Favipiravir in good supply, ministry says

The Public Health Ministry said on Tuesday there are sufficient favipiravir pills in stock and it will procure more anti-viral tablets ahead of the Songkran festival next month, after the Rural Doctor Society (RDS) complained about a shortage of anti-Covid drugs.

Sirikul Matevelungsun, deputy managing director of the Government Pharmaceutical Organization (GPO), said on Tuesday 110 million favipiravir pills were kept in stock. Of them, 80 million were and are being delivered to hospitals that need them for Covid-19 patients.

The GPO had planned to distribute the remaining 30 million pills at the start of Songkran in the middle of next month.

However, the Public Health Ministry has anticipated a surge in demand for anti-viral pills after Songkran when daily caseloads are predicted to rise. The ministry estimates 75 million pills, both favipiravir and molnupiravir, will be needed after the festival.

Dr Sirikul said the GPO will deliver 30 million favipiravir pills to hospitals in the middle of next month and another 20 million pills towards the end of that month. These are pills both locally produced and imported and they should be enough, she said.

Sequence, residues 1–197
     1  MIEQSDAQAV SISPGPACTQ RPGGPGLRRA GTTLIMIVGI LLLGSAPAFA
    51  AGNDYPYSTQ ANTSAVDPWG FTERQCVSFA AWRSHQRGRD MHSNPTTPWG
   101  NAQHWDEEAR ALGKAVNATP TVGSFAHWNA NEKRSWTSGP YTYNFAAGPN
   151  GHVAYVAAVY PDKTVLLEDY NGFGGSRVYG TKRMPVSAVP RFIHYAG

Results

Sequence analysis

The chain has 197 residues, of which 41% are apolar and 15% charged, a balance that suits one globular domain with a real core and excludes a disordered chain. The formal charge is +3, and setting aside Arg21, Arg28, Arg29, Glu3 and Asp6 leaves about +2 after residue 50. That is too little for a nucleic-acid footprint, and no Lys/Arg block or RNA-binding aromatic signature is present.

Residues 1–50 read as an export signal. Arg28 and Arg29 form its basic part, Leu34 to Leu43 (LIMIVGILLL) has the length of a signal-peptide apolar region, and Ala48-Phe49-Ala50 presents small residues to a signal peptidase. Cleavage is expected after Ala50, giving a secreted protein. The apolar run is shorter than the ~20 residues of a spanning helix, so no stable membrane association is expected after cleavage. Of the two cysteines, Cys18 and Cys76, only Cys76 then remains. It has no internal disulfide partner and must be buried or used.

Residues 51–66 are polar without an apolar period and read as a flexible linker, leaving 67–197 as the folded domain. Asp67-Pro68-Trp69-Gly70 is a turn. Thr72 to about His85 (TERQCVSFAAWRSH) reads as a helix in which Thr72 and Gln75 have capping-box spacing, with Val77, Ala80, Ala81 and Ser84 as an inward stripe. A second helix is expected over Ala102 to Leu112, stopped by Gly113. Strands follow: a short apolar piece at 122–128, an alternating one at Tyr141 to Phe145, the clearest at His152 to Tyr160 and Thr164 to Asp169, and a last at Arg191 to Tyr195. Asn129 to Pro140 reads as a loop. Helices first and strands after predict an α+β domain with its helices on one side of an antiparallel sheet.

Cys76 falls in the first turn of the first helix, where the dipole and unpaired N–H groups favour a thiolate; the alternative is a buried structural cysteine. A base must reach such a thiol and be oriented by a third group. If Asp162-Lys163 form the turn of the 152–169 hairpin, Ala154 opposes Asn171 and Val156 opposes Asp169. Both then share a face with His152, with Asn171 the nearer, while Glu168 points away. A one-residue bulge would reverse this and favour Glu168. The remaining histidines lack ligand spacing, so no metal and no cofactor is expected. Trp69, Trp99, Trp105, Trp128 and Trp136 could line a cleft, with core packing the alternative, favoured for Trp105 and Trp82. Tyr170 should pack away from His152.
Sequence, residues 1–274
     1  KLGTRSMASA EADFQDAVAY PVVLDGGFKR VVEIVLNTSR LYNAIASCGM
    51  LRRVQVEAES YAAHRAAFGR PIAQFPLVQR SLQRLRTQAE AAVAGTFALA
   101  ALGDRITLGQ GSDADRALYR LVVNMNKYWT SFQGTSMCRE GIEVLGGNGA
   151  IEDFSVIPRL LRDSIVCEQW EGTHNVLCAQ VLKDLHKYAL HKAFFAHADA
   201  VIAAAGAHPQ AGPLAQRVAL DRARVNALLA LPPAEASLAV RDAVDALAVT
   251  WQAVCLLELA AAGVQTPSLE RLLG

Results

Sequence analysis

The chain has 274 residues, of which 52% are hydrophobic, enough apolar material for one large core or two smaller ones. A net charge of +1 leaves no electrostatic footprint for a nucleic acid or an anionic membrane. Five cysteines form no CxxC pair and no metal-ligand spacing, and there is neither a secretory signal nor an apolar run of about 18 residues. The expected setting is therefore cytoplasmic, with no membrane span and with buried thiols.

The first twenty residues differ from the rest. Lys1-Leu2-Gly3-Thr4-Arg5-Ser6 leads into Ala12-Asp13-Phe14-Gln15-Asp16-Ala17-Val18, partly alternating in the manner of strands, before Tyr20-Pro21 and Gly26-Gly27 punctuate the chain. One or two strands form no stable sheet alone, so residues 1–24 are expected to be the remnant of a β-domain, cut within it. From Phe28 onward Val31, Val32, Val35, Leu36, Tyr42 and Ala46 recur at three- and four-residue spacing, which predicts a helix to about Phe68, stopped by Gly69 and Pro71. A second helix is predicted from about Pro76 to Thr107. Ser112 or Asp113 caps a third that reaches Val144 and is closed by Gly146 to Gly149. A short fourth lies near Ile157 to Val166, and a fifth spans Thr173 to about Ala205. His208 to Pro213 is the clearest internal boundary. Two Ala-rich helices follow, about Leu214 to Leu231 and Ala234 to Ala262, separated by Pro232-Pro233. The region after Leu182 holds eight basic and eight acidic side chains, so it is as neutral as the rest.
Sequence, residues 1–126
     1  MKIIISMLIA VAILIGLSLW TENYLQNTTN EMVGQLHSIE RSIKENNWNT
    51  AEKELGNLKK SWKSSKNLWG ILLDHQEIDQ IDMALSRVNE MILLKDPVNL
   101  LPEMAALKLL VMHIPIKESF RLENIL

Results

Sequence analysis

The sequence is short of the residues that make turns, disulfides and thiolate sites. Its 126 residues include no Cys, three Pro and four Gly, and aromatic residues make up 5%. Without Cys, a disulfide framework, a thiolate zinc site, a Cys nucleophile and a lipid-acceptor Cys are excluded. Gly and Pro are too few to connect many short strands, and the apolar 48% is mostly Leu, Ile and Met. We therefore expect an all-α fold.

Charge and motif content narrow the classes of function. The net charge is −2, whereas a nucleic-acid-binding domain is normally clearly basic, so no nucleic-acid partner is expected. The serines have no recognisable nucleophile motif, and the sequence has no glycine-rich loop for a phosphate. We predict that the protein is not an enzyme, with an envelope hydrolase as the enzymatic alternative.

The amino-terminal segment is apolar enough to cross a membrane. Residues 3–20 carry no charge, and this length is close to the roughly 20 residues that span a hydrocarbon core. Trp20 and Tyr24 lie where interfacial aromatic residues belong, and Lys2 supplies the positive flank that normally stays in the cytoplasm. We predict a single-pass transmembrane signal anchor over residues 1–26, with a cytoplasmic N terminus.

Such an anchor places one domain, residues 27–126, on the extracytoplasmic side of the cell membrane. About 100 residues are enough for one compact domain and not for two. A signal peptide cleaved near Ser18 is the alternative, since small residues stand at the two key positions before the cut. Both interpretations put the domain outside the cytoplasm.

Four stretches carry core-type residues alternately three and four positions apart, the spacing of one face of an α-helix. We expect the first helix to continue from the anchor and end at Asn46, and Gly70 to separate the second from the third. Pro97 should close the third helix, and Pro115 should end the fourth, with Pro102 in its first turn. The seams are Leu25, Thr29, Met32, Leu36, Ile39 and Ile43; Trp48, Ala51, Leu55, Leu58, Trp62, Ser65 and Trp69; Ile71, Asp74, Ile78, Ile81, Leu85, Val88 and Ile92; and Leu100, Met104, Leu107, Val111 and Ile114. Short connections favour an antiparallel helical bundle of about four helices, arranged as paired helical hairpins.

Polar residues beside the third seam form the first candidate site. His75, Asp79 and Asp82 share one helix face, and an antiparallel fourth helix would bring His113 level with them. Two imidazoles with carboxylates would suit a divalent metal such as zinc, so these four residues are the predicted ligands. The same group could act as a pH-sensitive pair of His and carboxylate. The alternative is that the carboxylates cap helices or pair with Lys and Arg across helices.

She added the GPO was considering whether to import another 25 million molnupiravir pills. The planned purchase is pending price negotiations with manufacturers in China and India.

If the price of the pills is high, fewer will be bought. The decision on how many will be imported will be reached soon. If and when the purchase deal is sealed, the first batch of pills could arrive in Thailand within two weeks of the purchase being made, she said.

Dr Thongchai Keeratihattayakorn, deputy permanent secretary for public health, has insisted that anti-viral pill amounts are sufficient, rebutting the complaint about a shortage by the RDS on Monday.

As of Monday, there were 22.8 million favipiravir pills stocked in hospitals delivering Covid-19 treatments. On average, the hospitals dispense a combined two million pills a day, meaning stocks should last about 10 days.

However, pills from the GPO will keep replenishing stocks. The hospitals are connected through a central stock-checking system which enables the ministry to keep track of how many pills each hospital has left or where a resupply is necessary.

The ministry is making sure each hospital has at least 10 days’ worth of pills.

A recent surge in daily infections in many areas has pushed up hospitalisations, which in turn has driven up demand for anti-viral pills. But hospitals failed to update their stock-checking system so the GPO was unaware supplies were low and did not distribute more pills.